Turns out, you can force cells to make more dopamine.
This is one of those stories that seems cheery but leaves you feeling just a little bit haunted. It all started on one dark and stormy night (or bright, dry day, the paper didn't specify). Some scientists in Texas were in a laboratory, trying to turn one kind of brain cell into a different kind of brain cell.
The brain is full of glial cells, a kind of cells that basically insulate neurons. Scientists wanted to take some of these plentiful glia and turn them into cells that produce dopamine, a neurotransmitter (chemical signal) that cells send to each other.
Dopamine is famous as far as neurotransmitters go. People talk about it like it's the pleasure chemical, but it's actually responsible for a lot more than that — like NOT getting Parkinson’s. So you can imagine why one might want a brain that produces more dopamine.The scientists had a plan: they'd trick the glial cells into aging backwards like Benjamin Button. Then they'd turn the glial cells into dopamine-making cells.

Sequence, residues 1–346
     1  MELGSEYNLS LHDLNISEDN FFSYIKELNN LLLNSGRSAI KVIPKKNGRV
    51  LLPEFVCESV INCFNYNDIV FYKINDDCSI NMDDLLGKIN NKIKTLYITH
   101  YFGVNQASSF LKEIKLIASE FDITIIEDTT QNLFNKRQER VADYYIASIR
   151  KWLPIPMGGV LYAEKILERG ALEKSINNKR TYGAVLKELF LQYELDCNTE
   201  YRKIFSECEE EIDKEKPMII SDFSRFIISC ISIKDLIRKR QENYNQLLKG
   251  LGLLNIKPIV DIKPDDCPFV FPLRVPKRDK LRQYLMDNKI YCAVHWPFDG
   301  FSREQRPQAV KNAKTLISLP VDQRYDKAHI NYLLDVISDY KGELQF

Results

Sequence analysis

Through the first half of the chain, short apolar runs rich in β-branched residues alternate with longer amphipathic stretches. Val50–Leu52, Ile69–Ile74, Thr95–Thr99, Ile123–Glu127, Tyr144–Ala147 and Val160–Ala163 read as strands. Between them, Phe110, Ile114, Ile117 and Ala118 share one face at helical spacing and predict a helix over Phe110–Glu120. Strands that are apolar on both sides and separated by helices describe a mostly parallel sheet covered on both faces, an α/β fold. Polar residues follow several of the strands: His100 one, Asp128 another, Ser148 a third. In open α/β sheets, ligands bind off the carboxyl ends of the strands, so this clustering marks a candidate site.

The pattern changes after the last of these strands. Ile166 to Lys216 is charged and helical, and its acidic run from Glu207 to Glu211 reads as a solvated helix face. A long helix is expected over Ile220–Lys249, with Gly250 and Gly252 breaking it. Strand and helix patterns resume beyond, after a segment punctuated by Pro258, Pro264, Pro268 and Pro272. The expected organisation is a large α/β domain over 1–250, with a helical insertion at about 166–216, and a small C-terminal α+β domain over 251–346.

The scientists injected a bunch of chemicals that would do all that somehow into mouse brain cells (this is why the mice hate us). And the glial cells ... did nothing.
Something far more unexpected happened. Medium spiny neurons (MSNs), another kind of brain cell, started producing dopamine. That's weird enough, but it gets stranger: the MSNs didn't turn back into stem cells first. They just shapeshifted on the spot.
That's a bit technical, but imagine you had a castle made out of LEGOs and decided you wanted to build a spaceship. You take apart the castle and, with all the newly unattached pieces, you build the spaceship. Now imagine your LEGO castle just turned into a spaceship without breaking apart. That's what these cells did. They transformed from one kind of cell into another without going back to infancy.
“Initially, I was a little disappointed that we converted medium spiny neurons instead of glia,” explained Chun-Li Zhang, a researcher at the University of Texas. “But when we realized the novelty of our results, we were kind of amazed. To our knowledge, changing the phenotype of resident, already-mature neurons has never been accomplished before."
It raises some questions too. How much shapeshifting are cells up to, anyway? And shapeshifting aside, are we going to program our brains to be happier?
If scientists are trying to get brain cells to produce more dopamine, you know somebody's going to want to use that to make their brain happier. Wealthy people could program themselves happy. This is going real Twilight Zone real fast, people.